• Foreign profits tax deferral
  • Investments in research & development
  • Incentives to manufacture products domestically
  • Deferral of gains for 1031 exchanges
  • Interest income on state and local bonds.
The largest tax expenditure is the deferral of taxes on foreign profits.  Taxes on foreign profits are only paid if the profits are brought into the U.S., encouraging companies to keep foreign profits permanently abroad. Repatriation of foreign profits at no tax or a reduced tax rate is a frequently discussed component of corporate tax reform.

The bottom line is that it is complicated to calculate the effective tax rate for U.S. companies and compare it to the rest of the world:

  • A PricewaterhouseCoopers study calculated the average effective tax rate for the 2006-2007 period to be 27.7%.  This rate was 5.1% higher when compared to the 34 OECD countries in the study.  
  • The American Enterprise Institute computed the U.S. effective tax rate at 29% in 2010, or 8.5% higher than the OECD country average excluding the U.S.
  • The Tax Foundation found the U.S. effective tax rate in 2013 to be 35.3%, compared with the average of the 20 largest economies (G-20) at 24.5%.
The effective tax rate is lower than the statutory tax rate for U.S. companies but is still higher than the rest of the world.

How will a Lower Corporate Tax Rate Affect Stock Prices?
In theory, a corporate tax cut would flow directly to the bottom line of a company’s income statement.  Company earnings would increase, and the valuation of U.S. companies would become more attractive.  

According to S&P Global, the 2017 Earnings Per Share estimate for the S&P 500 is $129.50 with an effective tax rate of 29%.  A 10% decrease in the corporate tax rate, from 29% to 19%, would hypothetically add about $18.25 in Earnings Per Share.  The S&P 500 currently has a price of 2,350 and a Price to Earnings ratio of about 18.  If the Price to Earnings ratio remains the same, the S&P 500 would trade at 2,660 post tax reform, resulting in appreciation of over 13%.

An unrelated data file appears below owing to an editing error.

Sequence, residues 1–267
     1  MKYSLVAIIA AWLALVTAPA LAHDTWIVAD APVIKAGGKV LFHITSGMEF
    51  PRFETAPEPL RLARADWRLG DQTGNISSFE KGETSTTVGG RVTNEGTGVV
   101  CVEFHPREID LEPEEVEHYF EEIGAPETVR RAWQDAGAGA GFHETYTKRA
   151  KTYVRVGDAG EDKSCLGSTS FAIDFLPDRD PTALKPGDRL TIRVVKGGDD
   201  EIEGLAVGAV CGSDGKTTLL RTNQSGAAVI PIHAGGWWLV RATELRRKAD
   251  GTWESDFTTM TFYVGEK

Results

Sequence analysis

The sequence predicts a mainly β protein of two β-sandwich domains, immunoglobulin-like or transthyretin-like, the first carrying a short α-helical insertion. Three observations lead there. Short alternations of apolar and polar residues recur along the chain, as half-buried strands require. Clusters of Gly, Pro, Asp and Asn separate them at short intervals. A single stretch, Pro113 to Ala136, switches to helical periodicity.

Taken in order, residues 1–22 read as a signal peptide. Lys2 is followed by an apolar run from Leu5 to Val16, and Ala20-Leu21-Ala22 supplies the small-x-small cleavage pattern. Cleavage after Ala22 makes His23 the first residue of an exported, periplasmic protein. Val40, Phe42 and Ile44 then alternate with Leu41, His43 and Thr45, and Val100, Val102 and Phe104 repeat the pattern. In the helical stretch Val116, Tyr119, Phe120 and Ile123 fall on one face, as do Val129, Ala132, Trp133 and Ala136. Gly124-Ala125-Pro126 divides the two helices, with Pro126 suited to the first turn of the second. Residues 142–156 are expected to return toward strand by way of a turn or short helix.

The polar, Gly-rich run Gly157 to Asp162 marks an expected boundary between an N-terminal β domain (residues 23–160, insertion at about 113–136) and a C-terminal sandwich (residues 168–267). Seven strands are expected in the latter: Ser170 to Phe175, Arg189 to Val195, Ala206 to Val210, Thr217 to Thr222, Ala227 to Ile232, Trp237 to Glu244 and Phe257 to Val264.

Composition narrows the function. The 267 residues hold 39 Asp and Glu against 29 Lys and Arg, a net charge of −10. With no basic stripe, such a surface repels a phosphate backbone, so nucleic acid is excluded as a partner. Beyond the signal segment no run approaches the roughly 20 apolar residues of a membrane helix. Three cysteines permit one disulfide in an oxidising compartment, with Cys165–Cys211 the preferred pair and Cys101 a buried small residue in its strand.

A cut in the corporate tax rate sounds great for stock market investors in theory, but may not work as well in practice.  Capitalism is an extremely competitive economic system and excessive profits or returns on capital are generally negated through competition.  Some companies will benefit from the tax cut more than others depending on the strength of their business and their mix of foreign and domestic earnings.  As a result, the expected near-term earnings increase from a lower corporate tax rate might not translate into long-term recurring earnings.  

On the other hand, a cut in the tax rate could promote capital investment by corporations and lower prices for consumers as businesses compete.  Of course, lower prices and higher capital investment will produce greater economic growth…benefitting the stock market.